Spinal Muscular Atrophy (SMA)


Spinal muscular atrophy (SMA) type 3, also called Kugelberg-Welander disease, is a relatively mild form of SMA characterized by muscle weakness and atrophy.

Like other types of SMA, it is caused by mutations in the SMN1 gene.1 This gene normally encodes for a protein called survival motor neuron (SMN), which is essential for the survival of nerve cells that control muscle movement. When there is a mutation in the SMN1 gene, no functional protein can be made from this gene. As a result, motor neurons die and cannot send nerve signals to muscles, which in turn also die over time.

There is a second gene called SMN2 from which some functional SMN protein can also be made. However, most of the protein made from this gene is shorter than normal and quickly degraded by cells. The copy number of the SMN2 gene varies from person to person. The more copies there are, the less severe the symptoms of SMA.

People with SMA type 3 usually have 3 to 4 copies of the SMN2 gene.2 While not enough to rescue the phenotype, the resulting SMN protein produced from these copies of SMN2 mitigates some of the disease’s severity.

SMA Type 3 Symptoms

Symptoms of SMA type 3 may vary from person to person. The main symptoms of the disease are muscle weakness and atrophy, especially in the legs. Breathing problems are usually not common. Patients have a near-normal life expectancy.

Based on the age of onset of the symptoms, SMA type 3 can be classified as SMA type 3a or SMA type 3b.3 In SMA type 3a, symptoms usually appear between ages 18 months and 3 years. Affected children can usually stand and walk but gradually experience segmental distal weakness and a developmental plateau before age 3, after which they may lose ambulation. When symptoms appear after age 3, the disease is classified as SMA type 3b. Standing and walking difficulty becomes apparent later in life than in SMA type 3a. Patients with SMA type 3b are twice as likely to retain ambulation at ages 20 and 40 years than those with SMA type 3a.4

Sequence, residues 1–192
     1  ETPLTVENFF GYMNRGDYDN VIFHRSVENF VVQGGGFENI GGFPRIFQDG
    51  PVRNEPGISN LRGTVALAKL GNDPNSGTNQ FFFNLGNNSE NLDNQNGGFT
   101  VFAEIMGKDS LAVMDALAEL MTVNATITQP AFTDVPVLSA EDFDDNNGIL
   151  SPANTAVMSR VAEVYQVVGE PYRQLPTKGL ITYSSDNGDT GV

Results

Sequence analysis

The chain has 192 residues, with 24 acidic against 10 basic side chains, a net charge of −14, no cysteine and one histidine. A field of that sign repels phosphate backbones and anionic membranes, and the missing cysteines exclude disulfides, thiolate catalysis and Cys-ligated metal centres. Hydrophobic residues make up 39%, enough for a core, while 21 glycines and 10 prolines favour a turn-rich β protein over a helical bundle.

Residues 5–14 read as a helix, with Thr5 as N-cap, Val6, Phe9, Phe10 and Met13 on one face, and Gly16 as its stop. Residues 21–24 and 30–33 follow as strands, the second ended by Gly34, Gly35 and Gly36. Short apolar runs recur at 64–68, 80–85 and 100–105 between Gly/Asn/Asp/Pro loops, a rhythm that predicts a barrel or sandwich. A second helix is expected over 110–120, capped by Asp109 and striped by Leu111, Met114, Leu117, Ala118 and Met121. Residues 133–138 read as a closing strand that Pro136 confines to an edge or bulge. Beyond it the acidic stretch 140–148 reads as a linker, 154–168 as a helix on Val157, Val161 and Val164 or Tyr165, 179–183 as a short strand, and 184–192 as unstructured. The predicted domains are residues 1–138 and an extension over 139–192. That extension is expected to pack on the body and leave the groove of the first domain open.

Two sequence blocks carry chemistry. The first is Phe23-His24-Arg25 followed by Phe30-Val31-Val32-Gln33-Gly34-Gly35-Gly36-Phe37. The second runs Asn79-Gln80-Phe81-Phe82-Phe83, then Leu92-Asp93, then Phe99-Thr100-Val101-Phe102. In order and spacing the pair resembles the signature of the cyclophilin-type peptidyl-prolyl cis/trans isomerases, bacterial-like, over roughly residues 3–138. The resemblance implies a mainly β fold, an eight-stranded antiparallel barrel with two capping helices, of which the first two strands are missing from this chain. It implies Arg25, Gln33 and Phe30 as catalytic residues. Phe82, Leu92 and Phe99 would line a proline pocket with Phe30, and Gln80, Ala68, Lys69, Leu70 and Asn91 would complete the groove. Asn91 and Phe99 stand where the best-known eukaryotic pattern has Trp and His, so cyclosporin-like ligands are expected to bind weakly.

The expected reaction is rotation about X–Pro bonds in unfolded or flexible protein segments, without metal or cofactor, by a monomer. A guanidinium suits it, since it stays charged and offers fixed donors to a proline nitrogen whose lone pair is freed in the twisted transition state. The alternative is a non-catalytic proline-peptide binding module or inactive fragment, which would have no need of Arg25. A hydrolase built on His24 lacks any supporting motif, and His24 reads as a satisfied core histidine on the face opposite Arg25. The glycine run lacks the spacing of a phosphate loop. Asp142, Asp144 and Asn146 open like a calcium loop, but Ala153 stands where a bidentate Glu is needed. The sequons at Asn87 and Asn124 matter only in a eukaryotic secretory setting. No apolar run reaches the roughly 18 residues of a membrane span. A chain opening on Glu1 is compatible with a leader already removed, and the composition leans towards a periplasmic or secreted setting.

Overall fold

SMA Type 3 Diagnosis

Doctors diagnose SMA type 3 based on physical examination and family history. A definite diagnosis can be reached following genetic testing that looks for mutations in the SMN1 gene. Some doctors may also ask for nerve conduction tests and a muscle or nerve biopsy.1

The patient is said to have type 3 disease based on when their symptoms first appeared.

SMA Type 3 Treatments

Three disease-modifying treatments have been approved to treat SMA type 3. They are nusinersen (Spinraza), onasemnogene abeparvovec-xioi (Zolgensma), and risdiplam (Evrysdi).

On December 23, 2016, nusinersen became the first disease-modifying treatment approved by the US Food and Drug Administration (FDA) for the treatment of SMA.8  The therapy contains an antisense oligonucleotide that “masks” the signal in the SMN2 gene that causes the protein that it encodes to be shorter than normal, increasing the amount of functional SMN protein made from the SMN2 gene. Nusinersen is approved for patients with SMA types 1, 2, and 3 of all ages. It is an intrathecal injection given every 4 months following 4 initial doses given on days 1, 15, 30, and 60.4